Critic Reviews



Based on 8 critic reviews provided by Metacritic.com
More ominously mysterious than outright terrifying, this is finely attuned, atmospheric filmmaking.
The Lodgers isn't especially frightening, but as the story of people weighed down by their legacies, it is genuinely haunting.
David Turpin’s screenplay is adequate but slender, with rather too few complications and a foundational mythology that, when finally revealed, proves pretty skimpy itself. That doesn’t trouble O’Malley. He brings so much gloomy, lustrous visual enchantment to the tale that it feels quite bewitching while you’re watching it.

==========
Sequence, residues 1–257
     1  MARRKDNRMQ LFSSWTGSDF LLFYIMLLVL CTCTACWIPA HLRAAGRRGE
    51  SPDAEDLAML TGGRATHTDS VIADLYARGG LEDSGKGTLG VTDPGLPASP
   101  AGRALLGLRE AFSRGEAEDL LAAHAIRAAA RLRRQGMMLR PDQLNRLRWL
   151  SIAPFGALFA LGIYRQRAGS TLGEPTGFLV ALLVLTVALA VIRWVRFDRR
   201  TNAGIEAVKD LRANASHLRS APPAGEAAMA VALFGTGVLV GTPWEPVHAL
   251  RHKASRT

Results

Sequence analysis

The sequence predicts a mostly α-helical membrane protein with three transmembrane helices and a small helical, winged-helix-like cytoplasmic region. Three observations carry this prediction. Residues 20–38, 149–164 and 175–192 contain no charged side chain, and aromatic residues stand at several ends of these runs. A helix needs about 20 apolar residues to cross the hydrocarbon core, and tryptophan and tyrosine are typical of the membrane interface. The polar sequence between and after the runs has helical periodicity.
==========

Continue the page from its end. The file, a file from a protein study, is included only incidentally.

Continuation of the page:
It’s a serviceable period ghost story that’s slight in story and not exactly subtle in themes, but contains a few genuinely striking images and atmosphere to spare.
The Lodgers reveals itself to be a beautiful gothic horror with a captivating truth mishandled in a desire to surprise more than resonate.
The Lodgers is never particularly scary, or even logical, but it’s always gorgeous to look at; you can see where it’s going, but you might not mind watching it go there.
The Lodgers needs to be better than a great mood in need of a decent story and stronger characters.
Working with an uneven cast and an undercooked story, Mr. O’Malley hits the horror beats just fine (slam, creak, squeak) without putting a sinister spin on the assorted strange doings. For all the genre exertions, none of this feels the least bit spooky.

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